There’s still time to act rationally to avoid capital-destroying losses. Losses that could take a decade or more to recover from.

Unfortunately, in times of rising markets, most people focus on returns.

Far too little thought is given to risk…until it’s too late.

The heart rules the head.

My investment approach is based on 99% investigation and 1% implementation. More than 30 years in the investment business has taught me that long-term wealth creation and retention is about identifying trends and being on the right side of the trend.

The divergence between asset prices and the real economy is a trend that can only end with one outcome…a severe correction. History, unequivocally, supports this view.

Successful wealth management is 99% investigation and 1% implementation.

Implementing a buy or sell can be done with a few key strokes. Whereas the investigation process to determine the ‘what’ and ‘when’ to buy, sell or hold requires tremendous amount of research, thought and planning.

This considered approach on ‘how’ and ‘where’ to allocate your precious capital runs counter to the adrenaline-hit most investors seek. Daily lives are fairly humdrum. Same routine. Same bored faces on the train. Same lunch hour. Same lunch. Same news channel. Same news stories.

The thrill of backing a ‘winner’ or participating in a strongly-rising market adds some excitement to the daily grind. The ‘hot tip’ or ‘get-rich-quick scheme’ or ‘once-in-a-lifetime opportunity’ offers (temporarily) the chance to feel alive. This type of investing is 99% implementation and 1% investigation. Hence the high failure rate.

These mostly doomed attempts to escape the humdrum and follow the crowd invariably lead to being trapped for longer in the daily grind. Losses have to be recouped by extending your time in the workforce or making a significant adjustment to your lifestyle.

In the investing business, there are two distinct options: making gains and avoiding losses.

At present, my assessment is that risk far outweighs reward by some considerable margin.

The following table shows you the level of gain required to offset a loss.

gain needed to cover loss

Source: FTM Limited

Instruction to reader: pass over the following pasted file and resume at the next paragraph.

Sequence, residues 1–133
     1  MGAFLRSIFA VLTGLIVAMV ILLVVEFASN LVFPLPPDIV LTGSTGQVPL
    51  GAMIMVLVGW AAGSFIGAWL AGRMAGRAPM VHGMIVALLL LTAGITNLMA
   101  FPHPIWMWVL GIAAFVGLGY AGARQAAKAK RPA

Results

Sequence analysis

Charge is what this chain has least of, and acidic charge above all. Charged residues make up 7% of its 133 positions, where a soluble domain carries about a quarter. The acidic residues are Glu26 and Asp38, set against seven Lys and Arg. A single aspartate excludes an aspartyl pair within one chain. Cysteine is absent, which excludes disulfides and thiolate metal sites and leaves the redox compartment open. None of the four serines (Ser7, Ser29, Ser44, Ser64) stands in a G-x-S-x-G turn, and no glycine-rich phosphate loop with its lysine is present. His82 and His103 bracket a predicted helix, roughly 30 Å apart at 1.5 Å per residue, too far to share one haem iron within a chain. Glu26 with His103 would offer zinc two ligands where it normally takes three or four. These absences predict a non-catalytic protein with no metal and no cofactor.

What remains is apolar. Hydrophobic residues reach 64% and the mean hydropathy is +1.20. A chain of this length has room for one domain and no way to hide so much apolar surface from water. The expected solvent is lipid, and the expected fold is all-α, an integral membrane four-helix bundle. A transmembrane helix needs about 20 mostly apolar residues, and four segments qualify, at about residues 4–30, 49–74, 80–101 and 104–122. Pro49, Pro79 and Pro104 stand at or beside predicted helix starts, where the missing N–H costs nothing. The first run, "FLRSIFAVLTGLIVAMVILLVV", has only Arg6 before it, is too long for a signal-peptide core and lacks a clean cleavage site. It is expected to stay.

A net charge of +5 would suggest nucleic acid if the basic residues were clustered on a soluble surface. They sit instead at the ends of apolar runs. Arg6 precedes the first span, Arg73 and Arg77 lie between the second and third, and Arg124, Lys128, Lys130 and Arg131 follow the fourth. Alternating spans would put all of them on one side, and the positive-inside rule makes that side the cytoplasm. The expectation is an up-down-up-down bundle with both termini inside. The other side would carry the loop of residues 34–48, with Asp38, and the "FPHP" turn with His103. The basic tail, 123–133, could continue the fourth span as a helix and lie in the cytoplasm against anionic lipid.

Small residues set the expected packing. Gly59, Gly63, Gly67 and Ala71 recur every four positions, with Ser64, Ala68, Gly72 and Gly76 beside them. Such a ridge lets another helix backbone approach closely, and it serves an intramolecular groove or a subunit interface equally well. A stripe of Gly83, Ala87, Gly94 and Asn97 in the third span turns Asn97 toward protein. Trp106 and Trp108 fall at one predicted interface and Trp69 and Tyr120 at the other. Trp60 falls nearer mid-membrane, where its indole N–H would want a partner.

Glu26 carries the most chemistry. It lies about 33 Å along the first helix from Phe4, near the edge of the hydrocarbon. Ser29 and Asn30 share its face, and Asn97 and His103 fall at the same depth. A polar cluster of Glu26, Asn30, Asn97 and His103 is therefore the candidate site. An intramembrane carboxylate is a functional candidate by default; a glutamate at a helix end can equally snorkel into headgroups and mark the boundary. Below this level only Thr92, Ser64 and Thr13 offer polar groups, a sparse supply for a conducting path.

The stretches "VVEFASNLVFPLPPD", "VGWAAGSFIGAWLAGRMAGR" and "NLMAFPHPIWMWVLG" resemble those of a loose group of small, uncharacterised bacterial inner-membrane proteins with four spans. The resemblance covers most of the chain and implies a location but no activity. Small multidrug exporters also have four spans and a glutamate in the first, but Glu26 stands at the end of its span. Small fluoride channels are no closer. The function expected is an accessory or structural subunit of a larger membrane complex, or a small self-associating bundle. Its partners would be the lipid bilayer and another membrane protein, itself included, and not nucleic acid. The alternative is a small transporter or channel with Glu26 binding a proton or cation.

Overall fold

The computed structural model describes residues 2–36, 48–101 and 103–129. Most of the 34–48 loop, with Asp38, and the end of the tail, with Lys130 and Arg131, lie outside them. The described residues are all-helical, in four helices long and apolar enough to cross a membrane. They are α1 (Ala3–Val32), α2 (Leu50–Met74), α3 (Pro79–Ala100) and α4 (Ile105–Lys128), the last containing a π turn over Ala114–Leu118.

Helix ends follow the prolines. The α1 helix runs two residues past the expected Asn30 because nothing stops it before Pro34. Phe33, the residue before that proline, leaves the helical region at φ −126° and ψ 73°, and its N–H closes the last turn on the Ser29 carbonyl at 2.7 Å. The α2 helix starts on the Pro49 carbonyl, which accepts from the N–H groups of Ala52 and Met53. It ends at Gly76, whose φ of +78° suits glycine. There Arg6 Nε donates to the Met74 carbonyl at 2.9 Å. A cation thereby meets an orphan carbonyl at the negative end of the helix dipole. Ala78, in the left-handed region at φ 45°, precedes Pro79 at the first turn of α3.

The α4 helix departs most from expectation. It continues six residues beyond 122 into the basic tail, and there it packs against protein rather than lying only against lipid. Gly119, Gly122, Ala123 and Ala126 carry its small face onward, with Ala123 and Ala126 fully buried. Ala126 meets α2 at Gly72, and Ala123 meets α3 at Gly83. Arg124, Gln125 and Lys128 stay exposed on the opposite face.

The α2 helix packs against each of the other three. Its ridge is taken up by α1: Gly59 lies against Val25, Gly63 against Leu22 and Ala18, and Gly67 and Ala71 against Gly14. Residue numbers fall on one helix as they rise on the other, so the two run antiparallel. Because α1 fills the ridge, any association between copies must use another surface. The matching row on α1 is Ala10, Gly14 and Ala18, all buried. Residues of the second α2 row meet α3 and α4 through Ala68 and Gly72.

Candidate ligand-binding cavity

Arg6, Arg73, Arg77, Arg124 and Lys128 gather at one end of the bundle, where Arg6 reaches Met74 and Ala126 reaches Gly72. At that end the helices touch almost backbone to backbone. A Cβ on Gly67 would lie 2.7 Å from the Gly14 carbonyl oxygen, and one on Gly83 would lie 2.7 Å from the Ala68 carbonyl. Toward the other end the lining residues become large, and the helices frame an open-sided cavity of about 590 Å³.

[Click to open in a new window]

As unlikely as it sounds today, mathematically, the US market has the capacity to fall 75% or more in value. Ridiculous. Can’t happen. Well, it has…and it can.

Should that unlikely prospect actually become reality, it’ll take a 300% return to make an investor’s dollar whole again.

A gain of that magnitude could take decades to achieve. That’s a huge part of your life wasted. Better to avoid the loss and participate in the gain.

The tried and true wealth-creation technique of ‘sell high and buy low’…a technique that far too many implement in reverse — buy high and sell low.

Identifying trends in society (including social mood) and the impact these may have on markets is where my 99% of investigation is focused on.

Record all-time-high asset prices are a warning writ large: REDUCE RISK NOW.

The investment environment we’re in today is one of ‘no gain and all pain’.

Take the time to investigate how much potential risk exists in your portfolio. Can you afford to incur losses of 50% or more without disrupting your plans?

If you can’t, implement a strategy to exit those positions.

This is not the time to be complacent.


Vern Gowdie,
For Markets & Money

Vern Gowdie has been involved in financial planning since 1986. In 1999, Personal Investor magazine ranked Vern as one of Australia’s Top 50 financial planners. His previous firm, Gowdie Financial Planning was recognized in 2004, 2005, 2006 & 2007, by Independent Financial Adviser (IFA) magazine as one of the top five financial planning firms in Australia. He has been writing his 'Big Picture' column for regional newspapers since 2005 and has been a commentator on financial matters for Prime Radio talkback. His contrarian views often place him at odds with the financial planning profession. Vern is is Founder and Chairman of the Gowdie Family Wealth advisory service, a monthly newsletter with a clear aim: to help you build and protect wealth for future generations of your family. He is also editor of The Gowdie Letter, which aims to help you protect and grow your wealth during the great credit contraction. To have Vern’s enlightening market critique and commentary delivered straight to your inbox, take out a free subscription to Markets and Money here. Official websites and financial eletters Vern writes for: